The right-wing U.S. Chamber of Commerce is living a lie: It does the bidding of big business's baddest boys, but maintains its standing by exploiting the good names of local chambers of commerce and myriad ma and pa shops on Main Streets across America.
You've heard about the gobs of corporate -- and sometimes foreign -- money the U.S. Chamber used to buy the 2010 elections, but they're also blowing money that you've spent at your favorite local businesses: Countless small businesses send money to the U.S. Chamber through their memberships to local chambers of commerce. (Check out U.S. Chamber Watch for a more complete accounting of the money, and regular reports on what flavor sucker Tom Donahue just swiped off the latest toddler to waddle within arm's reach.)
Thankfully, the public outrage at the Chamber's political manipulation is having an impact. Last month we told you about a New Hampshire chapter that decided to quit the U.S. Chamber. That local's vice president had this to say at the time: "I don't believe we lose anything... As far as I'm concerned, I could not find one positive thing to say about being involved in the U.S. Chamber."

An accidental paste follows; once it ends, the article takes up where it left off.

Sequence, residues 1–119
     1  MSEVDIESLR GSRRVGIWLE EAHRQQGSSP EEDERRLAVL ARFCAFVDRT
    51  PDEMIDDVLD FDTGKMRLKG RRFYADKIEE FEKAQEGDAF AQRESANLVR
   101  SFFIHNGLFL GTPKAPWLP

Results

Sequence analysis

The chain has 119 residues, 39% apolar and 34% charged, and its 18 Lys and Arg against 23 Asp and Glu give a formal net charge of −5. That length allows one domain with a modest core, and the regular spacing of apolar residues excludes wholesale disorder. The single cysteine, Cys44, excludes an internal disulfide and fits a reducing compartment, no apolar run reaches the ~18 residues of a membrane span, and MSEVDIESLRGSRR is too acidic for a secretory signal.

More encouraging news came this week as Politico reported that:
More than 40 local chambers issued statements during the midterms distancing themselves from the U.S. Chamber's campaign -- including nearly every major local chamber in Iowa and New Hampshire, key states for the presidential campaign.
Other chambers plan to take the extraordinary step of ending their affiliation with the U.S. Chamber, including the Greater Philadelphia Chamber of Commerce in Pennsylvania. Its leaders reported being inundated with angry -- and sometimes profanity-laced -- telephone calls from people objecting to the U.S. Chamber-backed ads.
These defections are critical: The U.S. Chamber uses its chapters' money and the false presumption that it's working on behalf of local businesses to help push its radical right-wing agenda: bailouts for banks, internet censorship, and an end to environmental protection, public health care, and social security. Small comfort for the grocer, barber, and florist around the corner.
The Chamber can seem untouchable, but we can fight back by urging defections, cutting off an important revenue stream, tarnishing the organization's brand, and making it a little tougher for it to get lawmakers to do its bidding.